The duPonts divorced amicably in 1964 and, although she stayed in the east initially so that young William could be near his father, she did not linger when her ex-husband died a year later.
After her husband’s death duPont formed a life partnership with fellow player Margaret Varner Bloss. She and Varner Bloss had reached the Wimbledon doubles final together in 1958, losing to the legendary Althea Gibson and Maria Bueno. In 1962, duPont and Bloss defeated Britain in the Wightman Cup doubles; DuPont had an unblemished record, 19-0, in that competition.
Margaret Varner Bloss (b.1927) could win with any racquet becoming the first person to represent the U.S. in world competitions in three racquet sports: tennis, squash and badminton. In addition to the runners-up trophy at Wimbledon in 1958 she was also the US Badminton Champion in 1956; All-England (World) Badminton Champion in 1955 and 1956; and was the US Women’s Singles Squash Champion from 1960-1963. Bloss also authored books on badminton, squash and table tennis.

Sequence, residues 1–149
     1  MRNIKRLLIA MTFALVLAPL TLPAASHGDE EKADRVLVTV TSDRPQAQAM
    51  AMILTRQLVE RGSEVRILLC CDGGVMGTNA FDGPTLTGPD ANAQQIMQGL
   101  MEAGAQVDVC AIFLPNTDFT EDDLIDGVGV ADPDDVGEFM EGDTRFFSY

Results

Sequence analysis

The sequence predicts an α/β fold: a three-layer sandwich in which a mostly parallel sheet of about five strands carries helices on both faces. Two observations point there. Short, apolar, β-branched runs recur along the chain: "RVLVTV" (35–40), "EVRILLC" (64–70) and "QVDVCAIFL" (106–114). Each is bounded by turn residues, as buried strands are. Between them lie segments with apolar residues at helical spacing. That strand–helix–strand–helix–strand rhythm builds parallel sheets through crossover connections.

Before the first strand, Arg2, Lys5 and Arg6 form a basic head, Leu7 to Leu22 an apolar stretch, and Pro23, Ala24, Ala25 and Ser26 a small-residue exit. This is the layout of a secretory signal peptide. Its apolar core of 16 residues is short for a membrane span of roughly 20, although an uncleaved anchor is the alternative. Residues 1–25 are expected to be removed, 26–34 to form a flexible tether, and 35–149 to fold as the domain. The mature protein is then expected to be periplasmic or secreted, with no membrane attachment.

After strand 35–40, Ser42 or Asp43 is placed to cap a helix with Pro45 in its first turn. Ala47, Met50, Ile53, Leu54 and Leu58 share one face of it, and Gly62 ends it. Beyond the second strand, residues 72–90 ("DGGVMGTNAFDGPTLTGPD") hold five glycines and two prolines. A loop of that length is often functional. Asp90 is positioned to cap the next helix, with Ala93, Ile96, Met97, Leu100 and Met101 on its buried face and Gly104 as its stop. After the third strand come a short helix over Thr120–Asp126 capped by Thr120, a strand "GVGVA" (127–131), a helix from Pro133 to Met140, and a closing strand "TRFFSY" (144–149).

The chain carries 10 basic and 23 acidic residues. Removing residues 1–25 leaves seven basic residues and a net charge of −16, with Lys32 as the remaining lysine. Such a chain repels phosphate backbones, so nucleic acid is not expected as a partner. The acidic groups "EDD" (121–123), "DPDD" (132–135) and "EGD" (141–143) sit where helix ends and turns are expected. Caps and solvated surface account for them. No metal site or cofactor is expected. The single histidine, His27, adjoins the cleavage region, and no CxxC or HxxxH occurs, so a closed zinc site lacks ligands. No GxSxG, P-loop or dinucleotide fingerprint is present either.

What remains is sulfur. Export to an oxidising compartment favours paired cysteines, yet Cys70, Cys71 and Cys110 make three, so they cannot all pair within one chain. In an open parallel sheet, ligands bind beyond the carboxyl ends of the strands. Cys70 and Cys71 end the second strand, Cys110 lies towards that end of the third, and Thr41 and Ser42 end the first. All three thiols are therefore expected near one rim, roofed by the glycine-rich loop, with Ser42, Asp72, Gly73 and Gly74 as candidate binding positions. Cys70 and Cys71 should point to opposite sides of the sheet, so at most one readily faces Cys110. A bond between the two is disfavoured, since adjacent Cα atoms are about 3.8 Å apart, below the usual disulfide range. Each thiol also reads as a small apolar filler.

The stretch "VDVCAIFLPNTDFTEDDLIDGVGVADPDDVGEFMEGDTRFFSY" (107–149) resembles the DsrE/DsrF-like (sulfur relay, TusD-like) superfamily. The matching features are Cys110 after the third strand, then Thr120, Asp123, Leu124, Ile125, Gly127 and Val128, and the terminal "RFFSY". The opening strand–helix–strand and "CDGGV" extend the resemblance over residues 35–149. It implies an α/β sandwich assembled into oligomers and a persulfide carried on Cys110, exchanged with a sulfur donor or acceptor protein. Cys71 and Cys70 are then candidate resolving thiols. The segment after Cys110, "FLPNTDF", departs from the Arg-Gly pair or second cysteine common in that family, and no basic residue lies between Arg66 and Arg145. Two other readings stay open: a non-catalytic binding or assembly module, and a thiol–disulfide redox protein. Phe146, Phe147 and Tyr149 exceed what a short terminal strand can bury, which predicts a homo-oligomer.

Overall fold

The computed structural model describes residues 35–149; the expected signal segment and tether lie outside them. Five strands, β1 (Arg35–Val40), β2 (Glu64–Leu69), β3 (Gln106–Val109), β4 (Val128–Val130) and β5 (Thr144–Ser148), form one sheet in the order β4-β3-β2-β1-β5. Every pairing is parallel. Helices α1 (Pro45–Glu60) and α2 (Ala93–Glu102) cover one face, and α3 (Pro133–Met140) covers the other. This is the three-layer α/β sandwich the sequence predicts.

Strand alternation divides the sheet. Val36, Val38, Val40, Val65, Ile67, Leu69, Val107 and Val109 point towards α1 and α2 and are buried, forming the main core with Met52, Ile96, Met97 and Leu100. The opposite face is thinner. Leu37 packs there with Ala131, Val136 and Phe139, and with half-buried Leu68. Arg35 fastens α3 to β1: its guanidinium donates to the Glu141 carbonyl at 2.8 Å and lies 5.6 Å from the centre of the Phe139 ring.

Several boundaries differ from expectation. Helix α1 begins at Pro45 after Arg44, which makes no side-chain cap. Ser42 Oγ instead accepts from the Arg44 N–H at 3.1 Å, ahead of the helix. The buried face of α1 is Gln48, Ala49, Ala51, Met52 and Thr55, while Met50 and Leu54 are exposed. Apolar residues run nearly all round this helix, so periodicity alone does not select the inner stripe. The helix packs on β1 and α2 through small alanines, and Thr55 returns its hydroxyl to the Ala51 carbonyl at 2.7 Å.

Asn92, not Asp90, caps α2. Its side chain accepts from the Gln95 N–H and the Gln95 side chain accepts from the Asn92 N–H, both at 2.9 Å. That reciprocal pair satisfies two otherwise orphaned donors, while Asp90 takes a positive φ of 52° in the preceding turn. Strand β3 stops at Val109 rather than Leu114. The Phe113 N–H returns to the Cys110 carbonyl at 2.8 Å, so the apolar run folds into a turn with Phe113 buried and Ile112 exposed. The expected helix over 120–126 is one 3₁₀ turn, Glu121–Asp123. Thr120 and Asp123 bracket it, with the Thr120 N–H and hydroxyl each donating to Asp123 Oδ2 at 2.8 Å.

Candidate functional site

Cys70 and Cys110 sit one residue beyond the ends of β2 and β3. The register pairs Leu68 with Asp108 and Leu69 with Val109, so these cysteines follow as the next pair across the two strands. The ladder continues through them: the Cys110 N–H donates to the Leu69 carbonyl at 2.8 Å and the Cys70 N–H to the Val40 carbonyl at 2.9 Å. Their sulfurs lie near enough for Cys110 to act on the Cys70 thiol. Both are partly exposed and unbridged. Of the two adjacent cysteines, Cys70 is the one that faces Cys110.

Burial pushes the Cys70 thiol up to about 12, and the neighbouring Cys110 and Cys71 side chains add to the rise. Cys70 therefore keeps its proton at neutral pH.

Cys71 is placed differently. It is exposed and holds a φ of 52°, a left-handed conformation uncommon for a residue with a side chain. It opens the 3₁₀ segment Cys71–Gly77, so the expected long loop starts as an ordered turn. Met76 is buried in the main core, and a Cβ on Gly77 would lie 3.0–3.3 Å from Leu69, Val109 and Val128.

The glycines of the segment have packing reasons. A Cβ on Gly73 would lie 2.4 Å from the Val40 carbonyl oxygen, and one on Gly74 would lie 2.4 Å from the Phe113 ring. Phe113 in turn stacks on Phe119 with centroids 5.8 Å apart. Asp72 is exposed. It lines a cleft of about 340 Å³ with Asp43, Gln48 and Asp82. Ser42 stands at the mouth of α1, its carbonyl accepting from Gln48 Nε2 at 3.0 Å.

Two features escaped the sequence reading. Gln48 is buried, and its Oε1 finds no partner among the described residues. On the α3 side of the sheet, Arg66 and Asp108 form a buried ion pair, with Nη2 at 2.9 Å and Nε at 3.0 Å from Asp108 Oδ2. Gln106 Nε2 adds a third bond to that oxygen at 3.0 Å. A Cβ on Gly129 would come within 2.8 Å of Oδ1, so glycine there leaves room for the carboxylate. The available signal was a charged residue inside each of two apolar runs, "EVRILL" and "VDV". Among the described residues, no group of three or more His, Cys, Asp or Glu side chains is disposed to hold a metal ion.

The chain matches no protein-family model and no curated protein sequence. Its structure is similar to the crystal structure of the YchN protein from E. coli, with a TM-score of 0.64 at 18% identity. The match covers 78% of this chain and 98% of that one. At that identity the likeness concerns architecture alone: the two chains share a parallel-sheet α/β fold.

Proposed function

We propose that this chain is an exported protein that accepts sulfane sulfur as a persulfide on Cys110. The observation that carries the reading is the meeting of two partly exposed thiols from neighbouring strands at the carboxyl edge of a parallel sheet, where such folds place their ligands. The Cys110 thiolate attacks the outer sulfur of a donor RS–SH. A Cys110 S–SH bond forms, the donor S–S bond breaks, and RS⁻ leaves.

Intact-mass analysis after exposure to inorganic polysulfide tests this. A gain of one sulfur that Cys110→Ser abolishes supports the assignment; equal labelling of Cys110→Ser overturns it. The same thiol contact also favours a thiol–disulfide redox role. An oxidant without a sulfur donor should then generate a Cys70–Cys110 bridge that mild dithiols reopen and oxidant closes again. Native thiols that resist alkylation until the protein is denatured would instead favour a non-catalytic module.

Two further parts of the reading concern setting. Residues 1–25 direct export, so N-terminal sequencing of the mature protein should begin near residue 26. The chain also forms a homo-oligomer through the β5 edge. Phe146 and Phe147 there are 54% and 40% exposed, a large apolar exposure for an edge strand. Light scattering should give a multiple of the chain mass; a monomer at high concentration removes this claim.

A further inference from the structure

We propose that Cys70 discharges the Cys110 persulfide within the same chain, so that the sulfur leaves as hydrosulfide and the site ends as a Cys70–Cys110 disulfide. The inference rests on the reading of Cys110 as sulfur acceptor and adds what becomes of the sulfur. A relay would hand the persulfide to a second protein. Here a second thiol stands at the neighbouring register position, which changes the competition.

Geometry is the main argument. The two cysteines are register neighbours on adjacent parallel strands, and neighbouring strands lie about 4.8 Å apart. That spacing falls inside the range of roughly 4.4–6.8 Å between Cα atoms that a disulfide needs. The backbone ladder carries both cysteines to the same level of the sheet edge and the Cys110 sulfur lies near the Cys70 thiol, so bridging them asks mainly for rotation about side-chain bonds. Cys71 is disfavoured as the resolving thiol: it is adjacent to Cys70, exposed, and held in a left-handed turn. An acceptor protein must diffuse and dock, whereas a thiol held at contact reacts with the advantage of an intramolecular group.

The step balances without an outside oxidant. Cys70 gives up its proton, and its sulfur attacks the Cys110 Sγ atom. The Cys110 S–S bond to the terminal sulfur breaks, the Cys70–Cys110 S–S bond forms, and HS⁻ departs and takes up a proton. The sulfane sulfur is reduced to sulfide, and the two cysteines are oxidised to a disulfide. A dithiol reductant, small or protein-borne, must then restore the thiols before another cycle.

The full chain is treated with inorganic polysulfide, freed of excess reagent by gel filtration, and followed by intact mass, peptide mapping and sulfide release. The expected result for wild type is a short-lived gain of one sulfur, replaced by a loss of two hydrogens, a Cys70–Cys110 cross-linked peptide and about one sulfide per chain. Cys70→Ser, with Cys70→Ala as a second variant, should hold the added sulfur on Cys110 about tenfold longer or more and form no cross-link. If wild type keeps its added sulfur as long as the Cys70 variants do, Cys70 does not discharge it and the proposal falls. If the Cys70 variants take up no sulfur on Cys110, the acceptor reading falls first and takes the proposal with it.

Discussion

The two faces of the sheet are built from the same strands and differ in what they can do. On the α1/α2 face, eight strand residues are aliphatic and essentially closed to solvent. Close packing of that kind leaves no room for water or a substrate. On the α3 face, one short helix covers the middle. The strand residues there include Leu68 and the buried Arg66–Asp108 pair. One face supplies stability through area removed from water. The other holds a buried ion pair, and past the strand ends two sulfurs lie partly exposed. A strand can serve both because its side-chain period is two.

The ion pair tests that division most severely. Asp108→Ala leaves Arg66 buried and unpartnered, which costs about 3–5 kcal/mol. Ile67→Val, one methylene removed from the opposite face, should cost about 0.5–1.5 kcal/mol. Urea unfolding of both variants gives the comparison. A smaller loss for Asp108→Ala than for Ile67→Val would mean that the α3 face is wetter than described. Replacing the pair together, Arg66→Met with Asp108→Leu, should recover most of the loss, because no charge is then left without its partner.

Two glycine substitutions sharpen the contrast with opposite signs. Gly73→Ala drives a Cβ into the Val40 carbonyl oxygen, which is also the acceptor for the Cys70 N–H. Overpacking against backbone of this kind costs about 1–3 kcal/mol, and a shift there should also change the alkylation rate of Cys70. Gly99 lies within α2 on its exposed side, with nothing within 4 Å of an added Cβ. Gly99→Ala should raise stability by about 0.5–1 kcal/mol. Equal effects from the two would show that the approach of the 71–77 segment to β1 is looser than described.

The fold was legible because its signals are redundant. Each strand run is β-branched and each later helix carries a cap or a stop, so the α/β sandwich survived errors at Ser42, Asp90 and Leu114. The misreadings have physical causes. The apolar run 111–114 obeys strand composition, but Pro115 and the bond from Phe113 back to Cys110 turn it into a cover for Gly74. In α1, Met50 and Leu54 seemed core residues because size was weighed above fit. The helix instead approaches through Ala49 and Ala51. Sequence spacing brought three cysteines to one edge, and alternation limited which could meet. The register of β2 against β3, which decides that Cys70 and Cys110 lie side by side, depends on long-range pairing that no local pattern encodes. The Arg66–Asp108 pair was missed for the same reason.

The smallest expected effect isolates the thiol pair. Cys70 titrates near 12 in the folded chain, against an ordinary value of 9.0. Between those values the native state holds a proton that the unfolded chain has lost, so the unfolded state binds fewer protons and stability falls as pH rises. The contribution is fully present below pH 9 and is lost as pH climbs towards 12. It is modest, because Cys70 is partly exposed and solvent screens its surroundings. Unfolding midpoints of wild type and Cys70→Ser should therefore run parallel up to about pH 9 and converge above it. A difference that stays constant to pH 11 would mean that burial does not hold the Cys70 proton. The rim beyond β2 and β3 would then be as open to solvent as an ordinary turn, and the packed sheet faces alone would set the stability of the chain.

Together they moved to a ranch near El Paso, Texas, Varner Bloss’s home town, where they bred thoroughbred horses, giving them names such as ‘Super Set’, ‘Tie-Breaker’ and ‘Net Effect’. The DuPont-Bloss Stables was ranked as a Top 20 Thoroughbred Racehorse Owner by Thoroughbred Times in the mid-1990s.
“Margaret duPont was a giant in tennis and had a huge impact in my career,” said Billie Jean King in a statement. “She was one of my she-roes and was a great influence on my life both on and off the court. I hope today’s players and any boy or girl who dreams of a career in tennis will go to the history books and read about Margaret, because her career wasn’t just about winning matches. It was also about mentoring others.”
Margaret Osborne DuPont was inducted into the International Tennis Hall of Fame in 1967. In 2010, she was inducted into the US Open Court of Champions.